The Chesapeake Bay gets some good news

by Mary Caperton Morton
Wednesday, March 19, 2014

The Susquehanna River in eastern Pennsylvania is one of 150 major rivers that eventually flow into the Chesapeake Bay, transporting pollutants and nutrient runoff from six states. Credit: Mary Caperton Morton

By Mary Caperton Morton

The Chesapeake Bay watershed is the largest on the Atlantic seaboard, encompassing most of Maryland and Virginia, along with parts of Delaware, New York, Pennsylvania and West Virginia. More than 150 rivers flow into the system, carrying pollution and nutrient runoff from a 160,000-square-kilometer area into the bay ecosystem. A new study tracking long-term effects of the Clean Air Act has some good news about the often-poor water quality in some areas of the Chesapeake Bay watershed, but the overall picture may be complicated by hydrology.

Initially passed in 1963, the Clean Air Act was designed to reduce air pollution by requiring the Environmental Protection Agency (EPA) to enforce regulations limiting airborne contaminants. In 1990, amendments were passed to regulate the impact of stationary sources of air pollution, namely coal-fired power plants, to reduce the sulfur dioxide and nitrogen oxide associated with acid rain. According to the EPA, total human-caused nitrogen oxide emissions on the East Coast declined 32 percent between 1997 and 2005.

To study the effects of reduced nitrogen input on the Chesapeake Bay watershed, a team led by Keith Eshleman at the University of Maryland Center for Environmental Science tracked nitrogen levels in the waterways of nine forested areas in Maryland, Pennsylvania and Virginia over a 23-year period and found that water quality in at least some areas of the Chesapeake Bay watershed has improved since 1990.

That the Clean Air Act “brought such obvious improvements in surface water quality” was an unanticipated “side benefit,” Eshleman says.

In their study, published in Environmental Science & Technology, Eshleman and colleagues suggest that reducing the amount of nitrogen oxide being put into the atmosphere also cut down on the amount of nitrogen oxide particles landing on the forested regions in their sample area — a pollutant pathway known as atmospheric deposition — ultimately improving water quality.

“This study is a key piece of evidence for how we can affect the watershed through multiple pathways,” says Lisa Wainger, an environmental economist at the University of Maryland who was not involved in the new study. “It really showcases how effective the air quality regulations have been.”

Although the news is good for water in the forested, mountainous areas high in the watershed that Eshleman and colleagues studied, any overall watershed improvement may be masked or delayed by a phenomenon known as groundwater lag time, says Ward Sanford, a hydrologist at the U.S. Geological Survey in Reston, Va., and lead author of another recent Chesapeake Bay study, also published in Environmental Science & Technology.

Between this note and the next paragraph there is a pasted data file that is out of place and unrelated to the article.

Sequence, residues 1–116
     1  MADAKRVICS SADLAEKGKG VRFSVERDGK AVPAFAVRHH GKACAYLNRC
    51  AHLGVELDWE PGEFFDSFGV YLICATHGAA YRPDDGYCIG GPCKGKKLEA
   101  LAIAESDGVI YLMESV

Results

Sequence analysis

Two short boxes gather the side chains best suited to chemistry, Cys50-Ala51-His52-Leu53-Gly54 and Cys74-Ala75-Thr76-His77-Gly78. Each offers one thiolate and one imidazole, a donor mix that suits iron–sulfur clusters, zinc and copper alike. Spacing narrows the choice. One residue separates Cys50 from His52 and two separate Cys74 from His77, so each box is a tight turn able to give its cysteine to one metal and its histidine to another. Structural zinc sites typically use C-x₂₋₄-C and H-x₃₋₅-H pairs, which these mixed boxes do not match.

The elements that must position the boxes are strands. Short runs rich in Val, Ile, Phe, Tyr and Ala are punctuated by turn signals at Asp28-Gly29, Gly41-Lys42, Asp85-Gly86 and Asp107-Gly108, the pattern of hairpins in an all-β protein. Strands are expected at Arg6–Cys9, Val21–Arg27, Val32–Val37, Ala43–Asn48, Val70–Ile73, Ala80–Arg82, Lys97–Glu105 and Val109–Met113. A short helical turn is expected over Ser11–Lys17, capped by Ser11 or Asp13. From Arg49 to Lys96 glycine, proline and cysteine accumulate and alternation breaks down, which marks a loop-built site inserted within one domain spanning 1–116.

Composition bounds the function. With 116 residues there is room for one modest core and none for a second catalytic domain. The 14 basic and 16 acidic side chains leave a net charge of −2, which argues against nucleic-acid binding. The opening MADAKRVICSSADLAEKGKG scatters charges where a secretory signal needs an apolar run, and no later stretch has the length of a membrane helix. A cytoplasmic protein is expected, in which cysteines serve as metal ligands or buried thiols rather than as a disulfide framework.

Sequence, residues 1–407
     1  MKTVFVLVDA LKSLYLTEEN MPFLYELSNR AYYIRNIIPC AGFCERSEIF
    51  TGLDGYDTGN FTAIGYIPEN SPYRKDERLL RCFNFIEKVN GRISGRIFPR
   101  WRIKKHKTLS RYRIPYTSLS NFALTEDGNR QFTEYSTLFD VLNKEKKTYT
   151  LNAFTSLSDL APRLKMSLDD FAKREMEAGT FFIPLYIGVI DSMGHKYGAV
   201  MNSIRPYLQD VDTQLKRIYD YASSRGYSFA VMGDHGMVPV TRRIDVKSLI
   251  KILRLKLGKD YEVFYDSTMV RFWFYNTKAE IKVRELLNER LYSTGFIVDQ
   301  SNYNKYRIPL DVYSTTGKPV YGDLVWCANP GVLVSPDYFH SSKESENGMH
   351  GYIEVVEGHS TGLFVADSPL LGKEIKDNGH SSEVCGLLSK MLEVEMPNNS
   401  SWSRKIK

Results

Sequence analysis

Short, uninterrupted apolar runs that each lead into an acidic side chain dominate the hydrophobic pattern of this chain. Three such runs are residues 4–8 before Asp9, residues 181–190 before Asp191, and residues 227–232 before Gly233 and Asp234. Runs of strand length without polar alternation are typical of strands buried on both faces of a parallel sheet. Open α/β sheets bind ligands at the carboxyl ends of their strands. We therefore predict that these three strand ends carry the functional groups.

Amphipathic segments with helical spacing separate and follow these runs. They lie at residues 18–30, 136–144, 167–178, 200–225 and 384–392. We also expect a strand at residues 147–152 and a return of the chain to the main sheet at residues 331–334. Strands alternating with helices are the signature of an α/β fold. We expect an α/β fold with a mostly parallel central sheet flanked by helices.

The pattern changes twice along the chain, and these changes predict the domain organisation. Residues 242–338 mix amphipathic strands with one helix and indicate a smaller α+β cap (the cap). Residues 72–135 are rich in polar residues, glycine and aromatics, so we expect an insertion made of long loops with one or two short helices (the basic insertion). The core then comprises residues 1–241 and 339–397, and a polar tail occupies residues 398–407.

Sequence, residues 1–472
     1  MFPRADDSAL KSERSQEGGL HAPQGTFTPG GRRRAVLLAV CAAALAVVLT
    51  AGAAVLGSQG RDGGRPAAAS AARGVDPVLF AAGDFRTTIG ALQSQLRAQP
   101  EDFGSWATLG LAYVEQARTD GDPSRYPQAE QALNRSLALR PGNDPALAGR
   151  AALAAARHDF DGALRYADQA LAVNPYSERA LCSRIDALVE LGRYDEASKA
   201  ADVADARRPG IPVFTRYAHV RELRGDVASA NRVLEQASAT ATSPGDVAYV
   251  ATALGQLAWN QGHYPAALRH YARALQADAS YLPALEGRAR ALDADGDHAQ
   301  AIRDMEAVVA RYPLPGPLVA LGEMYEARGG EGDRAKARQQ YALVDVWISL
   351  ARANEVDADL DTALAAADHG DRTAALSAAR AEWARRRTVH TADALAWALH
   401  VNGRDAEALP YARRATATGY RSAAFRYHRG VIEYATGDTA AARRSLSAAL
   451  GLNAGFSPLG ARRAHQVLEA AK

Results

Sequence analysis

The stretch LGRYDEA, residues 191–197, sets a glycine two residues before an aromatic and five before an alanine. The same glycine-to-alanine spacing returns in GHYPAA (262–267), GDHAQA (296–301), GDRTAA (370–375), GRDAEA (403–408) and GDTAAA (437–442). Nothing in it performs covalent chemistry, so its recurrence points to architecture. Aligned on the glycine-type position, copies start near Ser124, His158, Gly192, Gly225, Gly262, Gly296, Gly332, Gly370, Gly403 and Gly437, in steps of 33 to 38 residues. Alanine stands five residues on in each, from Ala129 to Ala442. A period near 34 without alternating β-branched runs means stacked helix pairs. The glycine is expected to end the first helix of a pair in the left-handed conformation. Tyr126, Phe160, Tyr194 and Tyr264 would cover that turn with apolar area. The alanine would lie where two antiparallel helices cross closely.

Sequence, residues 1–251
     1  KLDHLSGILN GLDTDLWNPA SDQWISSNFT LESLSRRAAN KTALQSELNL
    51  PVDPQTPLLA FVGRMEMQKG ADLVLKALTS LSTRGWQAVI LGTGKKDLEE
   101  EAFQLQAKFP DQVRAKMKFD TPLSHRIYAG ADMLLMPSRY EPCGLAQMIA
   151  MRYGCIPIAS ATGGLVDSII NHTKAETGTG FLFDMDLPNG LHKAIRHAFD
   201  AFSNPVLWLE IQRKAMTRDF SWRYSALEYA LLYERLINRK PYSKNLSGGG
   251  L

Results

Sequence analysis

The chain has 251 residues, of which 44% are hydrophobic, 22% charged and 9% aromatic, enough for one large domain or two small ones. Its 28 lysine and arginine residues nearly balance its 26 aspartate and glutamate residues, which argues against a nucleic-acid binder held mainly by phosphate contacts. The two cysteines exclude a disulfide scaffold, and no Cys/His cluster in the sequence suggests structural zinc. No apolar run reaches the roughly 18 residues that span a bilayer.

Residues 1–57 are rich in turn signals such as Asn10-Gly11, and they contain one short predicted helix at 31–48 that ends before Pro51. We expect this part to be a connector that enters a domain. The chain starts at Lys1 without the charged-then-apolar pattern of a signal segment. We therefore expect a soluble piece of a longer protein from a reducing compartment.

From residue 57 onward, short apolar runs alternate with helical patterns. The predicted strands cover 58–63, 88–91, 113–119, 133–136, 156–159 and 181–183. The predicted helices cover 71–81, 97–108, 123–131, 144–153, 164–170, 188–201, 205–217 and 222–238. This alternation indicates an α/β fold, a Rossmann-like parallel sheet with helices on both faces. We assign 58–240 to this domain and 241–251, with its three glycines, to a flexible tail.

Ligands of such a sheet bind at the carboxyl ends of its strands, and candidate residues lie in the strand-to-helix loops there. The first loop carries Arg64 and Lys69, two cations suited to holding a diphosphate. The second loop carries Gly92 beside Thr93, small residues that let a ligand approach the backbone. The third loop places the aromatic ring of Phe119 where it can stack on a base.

The amount of time it takes for rain to work its way through the ground to a stream can vary from months to decades, depending on the underlying geology, which is quite diverse throughout the Chesapeake Bay watershed, Sanford says. “A wide range of return times is common in almost every terrain,” he says. For example, rain that falls on sandy soil will have a very different rate of return than water that falls in areas with a lot of limestone.

By developing a new model to quantify the variable rates of groundwater lag times in the Delmarva aquifer, part of the larger Chesapeake Bay system, Sanford was able to show that in some places, rain that fell before the 1990 Clean Air Act may just now be reaching streams. “We knew lag time was important, but nobody has made a substantial effort at quantifying how long that lag-time response is and what it means for how nitrogen cycles through the system,” he says.

“Even if we keep the nutrient loading at the land surface the same, with no additional cutbacks, stream concentrations are going to continue to go up 12 to 13 percent between now and 2050,” Sanford says.

The study is among the first of its kind, mainly due to past limitations of computer modeling, says Jim Tesoriero, a hydrologist at the U.S. Geological Survey in Portland, Ore., who was not involved in either new study. “Not many of these studies have been done, and this one takes it to a higher degree of rigor,” he says. “It’s one of the better demonstrations of the lag-time effect — the decades-long transport of nitrate into streams — that I’ve seen.”

Groundwater lag time was less of a concern for Eshleman’s study, since his team was working at the head​waters of mountain streams where flow rates are fast and groundwater storage is low, Eshleman says. “But when we move down into the valleys, the Cumberland Valley, Shenandoah Valley, these groundwater lag patterns might be very difficult to unravel,” he says.

Teasing out the effects of groundwater lag time is important in terms of setting future nutrient reduction goals for the health of the watershed, Tesoriero says. “In my view, the key contribution of [the Sanford] study is to make sure the [policy-makers] who are making changes at the land surface recognize what timescales they should consider when looking for related changes in streams.”

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